• Where next for widening participation and access? The HE Policy Institute calls on leading experts to offer their thoughts for a challenge that remains as intense as ever
  • Beyond access: getting to university and succeeding there. Teach First reports on the continuing challenges facing those from disadvantaged backgrounds trying to get to university
  • Diverse places of learning. The Institute for Policy Research at the University of Bath highlights concerns that ethnic minority students are being ‘shepherded’ into particular types of uni
  • Business plan for financial year 2017/18. The Education and Skills Funding Agency publishes its business plan for the financial year built around eight objectives and four key ways of working
  • A’ level results 2017. The Joint Council for Qualifications publishes the full data for A’ level exam entry and performance this year showing things holding steady as the new reforms take effect
  • The secret of successful schools. The New Schools Network attempts to unlock the secret by highlighting a hybrid model of comprehensives with grammar school style standards
  • English education: world class? The Education Policy Institute (EPI) and Institute for Education (IoE) spell out what’s needed in terms of strong GCSE passes to be considered world class
  • Access agreements for 2018/19. The Office for Fair Access (OFFA) outlines what English universities have signed up to under its access agreements for 2018/19 notably around schools
  • Monitoring summer exams. Ofqual reports on how it has kept an eye on issues and standards for this year’s GCSE and GCE summer exams
  • Variability in GCSE results. Ofqual publishes the data and charts for the main GCSE subjects over the last two years showing minimal variation overall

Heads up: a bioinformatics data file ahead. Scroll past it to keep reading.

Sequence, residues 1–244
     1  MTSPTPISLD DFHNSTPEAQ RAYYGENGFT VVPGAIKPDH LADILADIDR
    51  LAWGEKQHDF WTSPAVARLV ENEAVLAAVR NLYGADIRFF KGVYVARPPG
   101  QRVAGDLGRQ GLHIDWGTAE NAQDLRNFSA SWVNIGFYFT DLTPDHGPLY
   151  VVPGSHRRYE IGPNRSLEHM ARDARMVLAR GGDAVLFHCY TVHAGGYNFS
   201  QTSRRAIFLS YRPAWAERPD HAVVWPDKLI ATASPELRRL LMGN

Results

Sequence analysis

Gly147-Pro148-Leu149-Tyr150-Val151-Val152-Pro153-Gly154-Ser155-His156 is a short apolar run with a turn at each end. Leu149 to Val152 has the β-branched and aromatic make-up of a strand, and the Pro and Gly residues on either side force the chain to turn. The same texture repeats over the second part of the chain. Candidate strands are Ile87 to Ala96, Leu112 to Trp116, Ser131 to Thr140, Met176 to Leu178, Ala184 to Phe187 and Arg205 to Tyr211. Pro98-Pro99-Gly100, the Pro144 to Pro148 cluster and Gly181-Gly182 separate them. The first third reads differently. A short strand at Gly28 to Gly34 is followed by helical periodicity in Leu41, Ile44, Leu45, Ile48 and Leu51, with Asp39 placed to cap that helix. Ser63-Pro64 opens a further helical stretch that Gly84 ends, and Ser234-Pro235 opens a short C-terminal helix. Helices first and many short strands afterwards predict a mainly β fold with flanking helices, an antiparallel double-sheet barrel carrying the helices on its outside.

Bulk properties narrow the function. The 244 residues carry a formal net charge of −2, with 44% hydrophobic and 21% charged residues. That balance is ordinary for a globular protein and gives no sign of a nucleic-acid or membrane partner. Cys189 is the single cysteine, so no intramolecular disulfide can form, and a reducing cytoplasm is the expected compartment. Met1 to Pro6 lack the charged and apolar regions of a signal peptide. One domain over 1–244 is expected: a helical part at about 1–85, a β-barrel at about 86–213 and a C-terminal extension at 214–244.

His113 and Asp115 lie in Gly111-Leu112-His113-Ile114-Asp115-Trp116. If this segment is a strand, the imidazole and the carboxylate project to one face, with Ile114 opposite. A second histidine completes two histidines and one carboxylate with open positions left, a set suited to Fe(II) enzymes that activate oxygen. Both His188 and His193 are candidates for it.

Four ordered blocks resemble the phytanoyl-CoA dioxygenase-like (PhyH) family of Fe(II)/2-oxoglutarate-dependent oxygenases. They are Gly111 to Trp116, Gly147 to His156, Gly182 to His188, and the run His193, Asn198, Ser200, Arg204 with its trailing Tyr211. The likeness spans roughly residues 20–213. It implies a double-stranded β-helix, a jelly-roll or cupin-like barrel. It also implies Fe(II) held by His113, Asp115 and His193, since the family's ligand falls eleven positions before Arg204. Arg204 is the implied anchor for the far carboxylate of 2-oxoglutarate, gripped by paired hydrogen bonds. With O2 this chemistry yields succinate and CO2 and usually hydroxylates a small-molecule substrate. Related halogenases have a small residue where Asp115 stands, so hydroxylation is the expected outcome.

• What’s happening with international student migration? The Office for National Statistics (ONS) updates on its work on gathering evidence on student migration suggesting most are compliant
  • GCSE results 2017. The Joint Council publishes all the data for this summer’s results  

Speeches of the month

  • (Deliberately left blank this month) 

Quotes of the month

  • “Securing value for money has been my focus since I became universities minister in 2015 and it was at the heart of the HE Act” – the HE Minister argues that value for money not fees is his prime objective
  • “Politicians are prone to make decisions based on ideology and personal experience” – former Schools Minister David Laws reflects on his time at the DfE while carefully avoiding to point the finger
  • "I think what happened when A levels changed from end-of-course examinations to modular – which led to a big gap opening in favour of girls – suggests that the reversion to end-of-course examinations will lead to a narrowing of the gap" – Professor Smithers suggests a return to linear A’ levels may be behind a rise in boys’ performance
  • “Whatever the initial discomforts, these will disappear with time but what will remain is a robust qualification” – John Blake, Head of Education at Policy Exchange defends the ‘new’ GCSEs
  • “We have taken this decision to stop unnecessary student concern or anxiety the day before they receive their results” – the Joint Council for Quals explains why grade boundaries aren’t being released ahead of results days this year
  • “There’s no reason for anyone to say it’s confusing” – the chair of the Independent Schools Council attempts to reassure doubters about the GCSE grade changes
  • “Children are in danger of seeing social media like sweeties and their online time like junk food” – the Children’s Commissioner warns that children could binge out on social media in the same way as with junk food
  • “Every minute spent enforcing a ban on conkers and yo-yos is a minute from tackling the multitude of real issues we know schools face” – Ofsted Chief Inspector Amanda Spielman appeals to schools to keep the issues of health and safety in perspective

Word or phrase of the month

  • Gromps. A term that grates on some but refers to the hybrid model of schools with comprehensive intakes but grammar school standards, as coined by the New Schools Network


Steve Besley
Head of Policy